The frequency and the intensity of the discourse which appeals to emotions rather rational thinking sheds a new light on the issue of freedom of speech, which is a cornerstone of liberal democracies

Yossi Mekelberg

Freedom of speech

Nevertheless, when unmitigated freedom of speech achieves the opposite, society is required to defend itself from spreading hatred and extremism without harming open and honest debate. In the age of immediate communication through platforms such as Twitter and Facebook, which enable the dissemination of untrustworthy information in a matter of a few nanoseconds to around the world, containment of such uncorroborated “knowledge”, partial truths or even sheer lies is a major challenge.

On the other hand, the very same technology at our fingertips provides us with an instant and easy way to verify the truthfulness of any piece of information as much as to spread it. Many are failing to do so, not necessarily out of gullibility, or laziness, but as a choice not to confront inconvenient truths.

When the Leave campaign in the UK falsely claimed that the British membership in the European Union costs the country £350 million a week that otherwise could be channelled to the ailing National Health Service, many opted to believe it. Those who failed to look for hard-core evidence did so probably because they wanted Brexit anyway. They were enjoying the short term satisfaction of false hope, like buying a lottery ticket, knowing full well how slim the chances to win are.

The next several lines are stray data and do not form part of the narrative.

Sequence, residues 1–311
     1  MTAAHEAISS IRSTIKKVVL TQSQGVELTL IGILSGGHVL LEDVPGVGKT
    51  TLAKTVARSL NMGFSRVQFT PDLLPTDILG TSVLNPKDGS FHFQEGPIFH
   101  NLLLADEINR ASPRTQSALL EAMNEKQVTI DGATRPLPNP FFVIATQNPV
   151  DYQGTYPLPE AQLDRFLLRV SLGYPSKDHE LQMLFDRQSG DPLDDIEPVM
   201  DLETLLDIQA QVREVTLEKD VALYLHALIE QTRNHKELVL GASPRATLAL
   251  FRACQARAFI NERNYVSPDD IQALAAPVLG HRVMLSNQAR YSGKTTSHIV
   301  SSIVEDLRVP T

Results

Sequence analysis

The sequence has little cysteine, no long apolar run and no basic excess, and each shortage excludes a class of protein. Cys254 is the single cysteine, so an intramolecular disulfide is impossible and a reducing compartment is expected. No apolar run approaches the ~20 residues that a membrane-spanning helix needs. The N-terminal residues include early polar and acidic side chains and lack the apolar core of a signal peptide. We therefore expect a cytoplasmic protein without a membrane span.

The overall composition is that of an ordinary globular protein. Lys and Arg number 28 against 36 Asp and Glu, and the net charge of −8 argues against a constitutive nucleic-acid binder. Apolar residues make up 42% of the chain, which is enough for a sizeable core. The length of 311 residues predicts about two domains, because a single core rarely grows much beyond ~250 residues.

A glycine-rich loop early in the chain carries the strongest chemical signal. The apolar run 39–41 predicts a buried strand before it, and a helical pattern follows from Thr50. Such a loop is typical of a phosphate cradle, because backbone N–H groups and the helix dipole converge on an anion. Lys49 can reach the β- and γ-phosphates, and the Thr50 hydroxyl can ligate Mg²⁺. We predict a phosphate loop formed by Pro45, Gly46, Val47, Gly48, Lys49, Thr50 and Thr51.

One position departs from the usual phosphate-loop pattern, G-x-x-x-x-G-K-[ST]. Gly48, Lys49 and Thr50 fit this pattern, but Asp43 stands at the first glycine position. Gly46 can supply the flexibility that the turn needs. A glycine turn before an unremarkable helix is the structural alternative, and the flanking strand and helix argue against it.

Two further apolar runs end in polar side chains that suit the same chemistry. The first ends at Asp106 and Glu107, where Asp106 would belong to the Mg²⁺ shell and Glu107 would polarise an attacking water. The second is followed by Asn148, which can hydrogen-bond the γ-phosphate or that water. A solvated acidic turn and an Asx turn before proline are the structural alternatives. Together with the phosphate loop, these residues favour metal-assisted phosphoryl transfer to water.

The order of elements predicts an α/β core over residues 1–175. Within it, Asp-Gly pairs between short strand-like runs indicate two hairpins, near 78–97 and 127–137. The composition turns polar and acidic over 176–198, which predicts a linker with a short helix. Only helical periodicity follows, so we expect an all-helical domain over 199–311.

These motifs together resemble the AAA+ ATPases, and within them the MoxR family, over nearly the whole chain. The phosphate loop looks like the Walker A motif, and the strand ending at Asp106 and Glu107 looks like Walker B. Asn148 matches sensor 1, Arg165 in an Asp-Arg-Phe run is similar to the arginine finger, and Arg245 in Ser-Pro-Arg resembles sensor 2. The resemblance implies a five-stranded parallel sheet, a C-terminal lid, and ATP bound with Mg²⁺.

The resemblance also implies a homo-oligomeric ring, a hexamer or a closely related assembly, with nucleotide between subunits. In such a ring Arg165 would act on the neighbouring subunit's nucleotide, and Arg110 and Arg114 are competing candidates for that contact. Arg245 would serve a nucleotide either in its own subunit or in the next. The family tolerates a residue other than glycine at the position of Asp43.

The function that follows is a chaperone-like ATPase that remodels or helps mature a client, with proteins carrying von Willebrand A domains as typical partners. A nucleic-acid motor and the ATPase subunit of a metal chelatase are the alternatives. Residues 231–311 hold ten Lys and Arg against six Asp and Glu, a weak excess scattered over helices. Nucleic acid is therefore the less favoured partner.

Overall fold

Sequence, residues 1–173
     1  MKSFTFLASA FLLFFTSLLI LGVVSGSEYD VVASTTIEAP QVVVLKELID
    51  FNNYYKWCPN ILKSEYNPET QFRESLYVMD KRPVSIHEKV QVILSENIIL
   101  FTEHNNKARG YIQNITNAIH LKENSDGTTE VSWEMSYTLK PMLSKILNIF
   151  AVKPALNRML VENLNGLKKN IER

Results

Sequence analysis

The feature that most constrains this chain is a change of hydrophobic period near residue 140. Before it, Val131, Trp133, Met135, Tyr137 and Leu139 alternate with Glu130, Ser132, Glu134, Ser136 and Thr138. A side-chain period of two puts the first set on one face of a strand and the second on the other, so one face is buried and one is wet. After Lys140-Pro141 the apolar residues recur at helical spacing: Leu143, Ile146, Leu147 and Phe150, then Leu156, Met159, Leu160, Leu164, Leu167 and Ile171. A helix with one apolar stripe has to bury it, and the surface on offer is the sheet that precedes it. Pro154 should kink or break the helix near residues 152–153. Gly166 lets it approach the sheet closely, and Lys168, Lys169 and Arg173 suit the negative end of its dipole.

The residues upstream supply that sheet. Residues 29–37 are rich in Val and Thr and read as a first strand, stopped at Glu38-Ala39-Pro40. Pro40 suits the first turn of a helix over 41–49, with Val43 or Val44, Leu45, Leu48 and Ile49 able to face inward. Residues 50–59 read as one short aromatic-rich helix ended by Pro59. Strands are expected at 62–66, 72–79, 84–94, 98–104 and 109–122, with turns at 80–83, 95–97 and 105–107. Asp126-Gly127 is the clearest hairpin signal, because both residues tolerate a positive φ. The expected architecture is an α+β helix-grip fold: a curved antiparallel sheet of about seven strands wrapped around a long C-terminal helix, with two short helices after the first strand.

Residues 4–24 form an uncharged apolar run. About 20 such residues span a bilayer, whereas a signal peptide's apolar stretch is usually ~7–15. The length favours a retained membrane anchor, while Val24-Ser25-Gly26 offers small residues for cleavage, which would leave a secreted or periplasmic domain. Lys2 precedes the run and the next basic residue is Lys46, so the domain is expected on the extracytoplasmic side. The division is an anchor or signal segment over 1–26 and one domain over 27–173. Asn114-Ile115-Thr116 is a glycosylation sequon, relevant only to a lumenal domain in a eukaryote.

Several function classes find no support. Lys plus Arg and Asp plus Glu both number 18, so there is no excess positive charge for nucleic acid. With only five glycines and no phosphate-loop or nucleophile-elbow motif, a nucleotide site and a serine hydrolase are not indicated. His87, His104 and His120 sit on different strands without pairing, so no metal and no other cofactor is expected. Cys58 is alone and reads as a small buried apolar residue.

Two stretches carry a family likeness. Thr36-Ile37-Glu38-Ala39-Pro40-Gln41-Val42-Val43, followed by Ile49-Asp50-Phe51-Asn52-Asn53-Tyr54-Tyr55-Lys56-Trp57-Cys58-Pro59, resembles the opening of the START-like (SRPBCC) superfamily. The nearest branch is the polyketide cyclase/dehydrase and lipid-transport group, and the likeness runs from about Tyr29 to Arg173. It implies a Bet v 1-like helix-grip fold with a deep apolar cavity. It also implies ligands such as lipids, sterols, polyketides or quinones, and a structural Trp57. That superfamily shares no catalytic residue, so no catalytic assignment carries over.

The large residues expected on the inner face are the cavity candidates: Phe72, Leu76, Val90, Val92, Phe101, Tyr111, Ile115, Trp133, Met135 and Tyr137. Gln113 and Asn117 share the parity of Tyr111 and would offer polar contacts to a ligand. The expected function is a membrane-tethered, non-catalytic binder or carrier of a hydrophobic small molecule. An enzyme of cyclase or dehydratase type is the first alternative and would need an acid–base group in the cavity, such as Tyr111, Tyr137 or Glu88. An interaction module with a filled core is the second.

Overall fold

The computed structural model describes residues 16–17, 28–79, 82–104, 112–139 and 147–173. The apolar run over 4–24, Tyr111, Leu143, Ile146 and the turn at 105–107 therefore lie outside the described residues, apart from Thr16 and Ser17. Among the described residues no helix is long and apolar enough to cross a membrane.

Trump’s special relations with reality did not start or stop with The Apprentice. PolitiFact, a Florida based fact-checking website that rates the accuracy of claims by elected officials and others who speak up in American politics, found out that 85 percent of Trump’s claims during the election campaign ranged from half-truths to pure ‘pants on fire’ categories.

Regrettably, this did not change once the campaign turned into unexpected victory. A Donald Trump tweet in the category of “pants on fire” asserted that “Of course there is large scale voter fraud happening on and before election day. Why do Republican leaders deny what is going on? So naive!

Another in this category alleged that Hillary Clinton, “… wants to let people just pour in. You could have 650 million people pour in, and we do nothing about it. Think of it. That’s what could happen. You triple the size of our country in one week.” It beggars belief that anyone could take these kind of arguments seriously, let alone that this post-truth surreal reality is about to enter the White House jargon.